How to Share Large Files Between Android Phones

Large File Transfer Android

the 21st century, and moving data around is easier than ever. Or is it? Every now and again, we find ourselves in situations where we need to perform a seemingly simple task that ends up turning into a massive hassle. This can certainly happen if you have two Android devices, and you want to transfer some large files between them.

The task is certainly not impossible. In fact, there are quite a few ways of doing it, but you need to consider a few things if you want to avoid losing time or dealing with annoying errors. Let's check out the options.

Email attachments – the old school way

Chances are, you probably have more than one email address. You may have a business and a personal account, and you likely keep at least one more for creating online profiles that you don't care about too much.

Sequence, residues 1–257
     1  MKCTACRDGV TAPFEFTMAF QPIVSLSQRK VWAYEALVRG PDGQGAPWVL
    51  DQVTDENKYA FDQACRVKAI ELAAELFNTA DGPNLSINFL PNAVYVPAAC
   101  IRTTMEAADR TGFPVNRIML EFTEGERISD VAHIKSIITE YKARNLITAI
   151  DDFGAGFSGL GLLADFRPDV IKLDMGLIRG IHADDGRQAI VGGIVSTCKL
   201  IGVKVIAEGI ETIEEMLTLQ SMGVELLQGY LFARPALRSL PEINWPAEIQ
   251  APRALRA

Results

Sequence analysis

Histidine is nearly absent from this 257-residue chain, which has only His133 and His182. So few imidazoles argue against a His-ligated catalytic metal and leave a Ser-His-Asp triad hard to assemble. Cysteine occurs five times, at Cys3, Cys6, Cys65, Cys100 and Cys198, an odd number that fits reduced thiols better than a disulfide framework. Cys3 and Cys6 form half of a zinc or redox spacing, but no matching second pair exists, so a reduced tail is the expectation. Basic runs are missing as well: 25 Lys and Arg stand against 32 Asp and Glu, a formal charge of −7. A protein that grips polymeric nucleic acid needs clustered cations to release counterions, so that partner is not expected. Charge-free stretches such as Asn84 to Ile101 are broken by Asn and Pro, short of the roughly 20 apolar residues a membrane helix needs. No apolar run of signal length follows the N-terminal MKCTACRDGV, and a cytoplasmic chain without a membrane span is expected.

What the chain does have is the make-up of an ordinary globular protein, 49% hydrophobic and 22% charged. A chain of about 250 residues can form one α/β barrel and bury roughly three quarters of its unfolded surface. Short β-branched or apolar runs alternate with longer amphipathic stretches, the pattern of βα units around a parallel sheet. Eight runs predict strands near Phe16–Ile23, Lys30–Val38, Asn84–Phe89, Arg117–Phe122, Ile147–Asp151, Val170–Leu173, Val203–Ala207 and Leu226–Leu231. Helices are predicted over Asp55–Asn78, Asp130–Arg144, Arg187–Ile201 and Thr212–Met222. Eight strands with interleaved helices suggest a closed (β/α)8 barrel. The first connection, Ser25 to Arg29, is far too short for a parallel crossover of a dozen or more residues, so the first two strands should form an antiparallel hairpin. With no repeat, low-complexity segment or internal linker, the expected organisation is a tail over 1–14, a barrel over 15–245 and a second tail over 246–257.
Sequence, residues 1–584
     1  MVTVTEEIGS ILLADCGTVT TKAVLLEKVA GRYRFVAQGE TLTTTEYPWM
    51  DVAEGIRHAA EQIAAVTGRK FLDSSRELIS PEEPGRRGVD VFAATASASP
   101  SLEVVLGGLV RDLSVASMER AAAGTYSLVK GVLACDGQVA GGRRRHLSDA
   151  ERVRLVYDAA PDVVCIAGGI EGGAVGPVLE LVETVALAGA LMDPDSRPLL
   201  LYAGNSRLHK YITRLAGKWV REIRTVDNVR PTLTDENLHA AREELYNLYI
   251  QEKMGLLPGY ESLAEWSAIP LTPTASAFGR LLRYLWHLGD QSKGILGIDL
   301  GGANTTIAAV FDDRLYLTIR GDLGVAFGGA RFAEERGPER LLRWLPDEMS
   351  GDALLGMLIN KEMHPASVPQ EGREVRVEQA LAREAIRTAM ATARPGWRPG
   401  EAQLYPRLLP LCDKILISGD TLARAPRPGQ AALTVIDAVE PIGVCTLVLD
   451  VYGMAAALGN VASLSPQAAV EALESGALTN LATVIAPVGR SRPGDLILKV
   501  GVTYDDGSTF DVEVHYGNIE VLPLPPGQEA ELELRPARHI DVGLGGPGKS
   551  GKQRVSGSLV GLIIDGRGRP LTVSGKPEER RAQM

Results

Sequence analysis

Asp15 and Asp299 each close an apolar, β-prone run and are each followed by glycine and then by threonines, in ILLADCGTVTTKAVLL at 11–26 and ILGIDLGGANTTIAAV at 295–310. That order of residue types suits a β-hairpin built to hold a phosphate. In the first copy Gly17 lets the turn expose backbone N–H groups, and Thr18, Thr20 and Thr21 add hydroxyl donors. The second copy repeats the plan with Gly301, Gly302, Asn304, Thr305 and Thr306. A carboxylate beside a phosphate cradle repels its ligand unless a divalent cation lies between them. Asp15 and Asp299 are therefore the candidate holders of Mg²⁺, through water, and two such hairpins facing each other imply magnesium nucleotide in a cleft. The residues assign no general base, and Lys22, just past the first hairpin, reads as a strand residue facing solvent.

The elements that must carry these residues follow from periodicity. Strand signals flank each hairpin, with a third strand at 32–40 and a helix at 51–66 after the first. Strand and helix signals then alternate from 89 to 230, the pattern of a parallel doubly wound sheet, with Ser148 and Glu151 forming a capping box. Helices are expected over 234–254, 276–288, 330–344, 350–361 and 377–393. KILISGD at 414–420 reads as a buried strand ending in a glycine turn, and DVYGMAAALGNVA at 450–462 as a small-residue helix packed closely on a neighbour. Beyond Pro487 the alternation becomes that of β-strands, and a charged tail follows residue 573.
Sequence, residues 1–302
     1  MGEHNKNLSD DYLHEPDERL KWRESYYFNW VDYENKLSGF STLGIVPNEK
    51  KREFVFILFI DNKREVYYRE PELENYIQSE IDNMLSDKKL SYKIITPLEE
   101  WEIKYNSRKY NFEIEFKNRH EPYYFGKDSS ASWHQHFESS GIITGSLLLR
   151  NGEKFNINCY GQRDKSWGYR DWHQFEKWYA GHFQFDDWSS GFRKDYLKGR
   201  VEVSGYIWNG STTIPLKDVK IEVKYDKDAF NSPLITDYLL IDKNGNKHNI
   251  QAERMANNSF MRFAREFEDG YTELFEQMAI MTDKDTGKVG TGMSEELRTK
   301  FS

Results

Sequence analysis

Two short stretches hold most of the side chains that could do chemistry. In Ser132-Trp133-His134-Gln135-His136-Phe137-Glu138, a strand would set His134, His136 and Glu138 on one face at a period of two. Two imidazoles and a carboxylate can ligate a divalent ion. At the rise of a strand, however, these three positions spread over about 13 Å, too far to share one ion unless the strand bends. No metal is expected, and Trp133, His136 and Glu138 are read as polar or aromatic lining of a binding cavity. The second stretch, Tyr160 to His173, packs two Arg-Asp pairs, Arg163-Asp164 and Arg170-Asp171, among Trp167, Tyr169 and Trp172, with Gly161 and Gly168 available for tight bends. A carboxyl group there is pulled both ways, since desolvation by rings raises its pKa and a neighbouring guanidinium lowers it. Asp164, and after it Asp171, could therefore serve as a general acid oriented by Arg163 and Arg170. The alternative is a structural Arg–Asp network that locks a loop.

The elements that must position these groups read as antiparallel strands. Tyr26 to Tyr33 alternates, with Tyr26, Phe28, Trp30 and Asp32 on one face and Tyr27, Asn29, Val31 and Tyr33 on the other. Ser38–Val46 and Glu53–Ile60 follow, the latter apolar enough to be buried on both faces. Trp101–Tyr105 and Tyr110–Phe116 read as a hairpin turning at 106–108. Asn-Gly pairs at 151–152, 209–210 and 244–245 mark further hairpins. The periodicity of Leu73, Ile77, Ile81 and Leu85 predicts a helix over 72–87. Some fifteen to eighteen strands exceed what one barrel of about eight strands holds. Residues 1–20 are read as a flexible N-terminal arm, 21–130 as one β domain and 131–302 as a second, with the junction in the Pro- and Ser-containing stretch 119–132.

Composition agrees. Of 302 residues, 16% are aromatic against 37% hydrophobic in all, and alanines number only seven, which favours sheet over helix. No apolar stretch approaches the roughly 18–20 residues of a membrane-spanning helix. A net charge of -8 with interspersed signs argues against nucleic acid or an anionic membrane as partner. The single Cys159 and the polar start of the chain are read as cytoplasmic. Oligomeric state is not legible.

Emails, as we all know, can also come with attachments, and if you need to transfer data between devices, you can simply attach it to an email, send it from one of your emails to another, and access the recipient account from the second phone.

You need to bear in mind, however, that most email providers have restrictions on the number and size of the files you can attach to your messages. You must make sure that the file you want to transfer fits the restrictions, and if it doesn't, you'll have to pick another option.

A PC as an intermediary – it's time to break out the cables

That's another option for the traditionalists among you. In the olden days, files were uploaded to and downloaded from mobile device primarily with the use of a computer and a data transfer cable. Although things have moved leaps and bounds since then, the box your phone came in probably has a USB cable that can connect it to your PC, which means that you can download the file from your phone to your computer, and you can then upload it to the second device.